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A COVID Via Dolorosa

This year, our loneliness deeply resonates with the forsaken Christ. But take heart! Resurrection is coming.

It is the forsakenness of it all.

Long before that piercing cry,
Eloi, Eloi, lama sabachthani,
long before that God-forsakenness on the cross,
Jesus is forsaken on the Via Dolorosa.

Here on that road of sorrow,
he is devastatingly alone.

No one leading him out.
No jeering crowds.
No virus-carrying spittle.
No bloodthirsty mobs.
No mocking soldiers.
No politicians inciting a riot.
No one washing their hands of any responsibility.

No one to bear witness.
No one shaking their heads in horror.

The streets are empty in James B. Janknegt’s
portrayal of Jesus carrying his cross.

Where are the daughters of Jerusalem,
wailing and beating their breasts?
Where is his mother, or Magdalene, or the other women?
Not even his most beloved disciple is in the picture.

A black Christ carries his own lynching tree,
but this is no white supremacist rally,
neither the Proud Boys nor the QAnon devotees
have shown up.

A Via Dolorosa for a pandemic.
The streets are empty.
How lonely sits the city
that was once full of people.

Under an ominous sky,
perhaps a portent of what is to come,
when the sun would refuse to shine,
the lonely Jesus is walking out of the frame.

The longer I look, the deeper the disquiet,
and an anxious foreboding takes hold of my soul.

All of creation is about to grieve in darkness,
the very earth is about to be shaken to its core,
but there is no one there.

Apart from this desolate man on a death march,
there is nothing animate in this cityscape.

Not a tree to be found,
nor so much as a blade of grass
No animals,
not even a rat.
No birds of the air,
even the starlings have disappeared

Jesus walks down a city street,
devoid of even a few stones on the side of the road.
There will be no crying out on this lonely parade.
Neither loud “hosannas” nor screams of “crucify him!”

At this moment of utter abandonment,
shattering betrayal, and heart-breaking denial,
Jesus walks to the cross without witnesses.

Save two.

The city itself,
and us.

The city bears witness.

From the neo-classical dome with echoes
of the Capitol in Washington,
to the corporate skyscrapers,
the city bears witness.

Jesus didn’t grab a slurpy at 7-Eleven,
nor a Big Mac at McDonald’s.
Carrying his cross, he had no need to get a fill up at Shell,
and it is too late in the game to drop into
Target or Walmart for some retail therapy.

And the World Bank has nothing to offer,
no assistance to extend,
to this forsaken man carrying a cross.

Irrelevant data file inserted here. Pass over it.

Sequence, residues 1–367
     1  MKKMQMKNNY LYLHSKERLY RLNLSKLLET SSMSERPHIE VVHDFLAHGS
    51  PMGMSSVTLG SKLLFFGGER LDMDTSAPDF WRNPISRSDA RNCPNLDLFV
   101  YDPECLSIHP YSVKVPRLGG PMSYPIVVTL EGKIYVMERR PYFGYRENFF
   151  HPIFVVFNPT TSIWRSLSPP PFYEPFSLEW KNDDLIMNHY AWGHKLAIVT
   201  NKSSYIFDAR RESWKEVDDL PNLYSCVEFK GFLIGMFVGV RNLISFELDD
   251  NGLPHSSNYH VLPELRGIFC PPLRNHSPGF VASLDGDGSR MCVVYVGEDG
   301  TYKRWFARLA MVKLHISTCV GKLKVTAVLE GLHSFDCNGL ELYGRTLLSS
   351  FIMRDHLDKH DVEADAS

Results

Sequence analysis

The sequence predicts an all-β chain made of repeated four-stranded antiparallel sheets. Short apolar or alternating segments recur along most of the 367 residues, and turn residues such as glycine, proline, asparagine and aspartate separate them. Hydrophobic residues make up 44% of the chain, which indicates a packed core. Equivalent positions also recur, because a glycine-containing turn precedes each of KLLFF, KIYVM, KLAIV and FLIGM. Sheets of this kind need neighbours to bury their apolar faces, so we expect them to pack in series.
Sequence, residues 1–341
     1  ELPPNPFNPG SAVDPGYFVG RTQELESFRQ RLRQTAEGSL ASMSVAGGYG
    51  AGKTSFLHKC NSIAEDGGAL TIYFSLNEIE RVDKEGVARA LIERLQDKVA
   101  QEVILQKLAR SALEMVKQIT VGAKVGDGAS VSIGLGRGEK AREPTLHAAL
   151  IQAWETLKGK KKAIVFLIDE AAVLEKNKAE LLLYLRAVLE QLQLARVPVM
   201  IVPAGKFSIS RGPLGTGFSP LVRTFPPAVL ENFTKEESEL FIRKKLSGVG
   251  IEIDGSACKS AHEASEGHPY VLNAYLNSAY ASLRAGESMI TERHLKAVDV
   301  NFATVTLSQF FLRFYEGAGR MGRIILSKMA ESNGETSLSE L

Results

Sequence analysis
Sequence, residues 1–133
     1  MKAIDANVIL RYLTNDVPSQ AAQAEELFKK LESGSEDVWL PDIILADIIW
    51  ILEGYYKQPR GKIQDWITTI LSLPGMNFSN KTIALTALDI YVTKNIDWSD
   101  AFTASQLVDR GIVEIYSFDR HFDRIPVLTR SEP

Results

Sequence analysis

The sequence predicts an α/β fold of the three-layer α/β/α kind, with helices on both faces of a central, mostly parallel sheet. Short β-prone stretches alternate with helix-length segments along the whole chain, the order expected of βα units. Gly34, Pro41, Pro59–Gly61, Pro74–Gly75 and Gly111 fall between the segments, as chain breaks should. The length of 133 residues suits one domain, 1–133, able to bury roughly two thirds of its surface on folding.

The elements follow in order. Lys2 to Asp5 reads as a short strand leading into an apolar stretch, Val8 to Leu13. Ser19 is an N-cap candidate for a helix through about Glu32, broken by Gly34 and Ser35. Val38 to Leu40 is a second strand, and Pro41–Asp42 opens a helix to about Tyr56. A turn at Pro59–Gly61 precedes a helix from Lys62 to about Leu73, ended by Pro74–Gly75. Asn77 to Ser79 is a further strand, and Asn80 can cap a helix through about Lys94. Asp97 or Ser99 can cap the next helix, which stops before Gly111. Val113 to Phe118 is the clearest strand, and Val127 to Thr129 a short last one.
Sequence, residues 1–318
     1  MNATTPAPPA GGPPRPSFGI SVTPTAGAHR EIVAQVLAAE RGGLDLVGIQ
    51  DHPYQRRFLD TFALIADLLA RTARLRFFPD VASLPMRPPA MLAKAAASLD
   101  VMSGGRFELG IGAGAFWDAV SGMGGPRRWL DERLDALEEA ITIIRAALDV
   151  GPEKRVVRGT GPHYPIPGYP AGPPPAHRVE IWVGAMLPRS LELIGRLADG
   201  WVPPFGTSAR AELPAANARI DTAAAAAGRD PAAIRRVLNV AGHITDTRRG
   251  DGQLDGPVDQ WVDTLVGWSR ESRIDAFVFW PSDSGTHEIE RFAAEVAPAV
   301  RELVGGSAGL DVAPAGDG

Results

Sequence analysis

Is that a church that we see just behind Jesus?
But it too is empty.
There is no one to come outside to see their saviour,
no one to offer him a drink of water,
no one to weep for him.
The church is as empty and as lonely as the city.

The city bears mute witness,
but there is no one there.
Nor is there even anywhere for people to live.
This is a cityscape of institutions of commerce,
government and religion,
but it is not a place of human habitation.
No houses or condo buildings,
not even a tent encampment for the homeless.

No one is there . . . except us.

Standing outside of the frame,
holding this Easter issue of Christian Courier,
meditating on this evocative painting,
we are called to bear witness
to this forsakenness.

Maybe after a year of such isolation,
in the wake of so much death,
with grief-filled tears still flowing,
with eyes opened anew to the forces of death,
we can join the procession.

Maybe for the first time our own loneliness
can deeply resonate with the forsakenness of this Christ.

And maybe beyond that ominous sky
we can catch a glimpse
of the shell-pink dawn of resurrection.

Maybe beyond that city of death
we can imagine a new city,
with streets for living in,
a treed city with living waters,
a city of renewed joy.

Maybe beyond the loneliness of this city,
the breathlessness of this pandemic,
the forsakenness of this man,
we can breathe again the breath of new creation,
gathering together at the resurrection party.


  • Brian Walsh

    Brian Walsh is a retired campus pastor and the founder of the Wine Before Breakfast community in Toronto. He is the author of "Kicking at the Darkness: Bruce Cockburn and the Christian Imagination."

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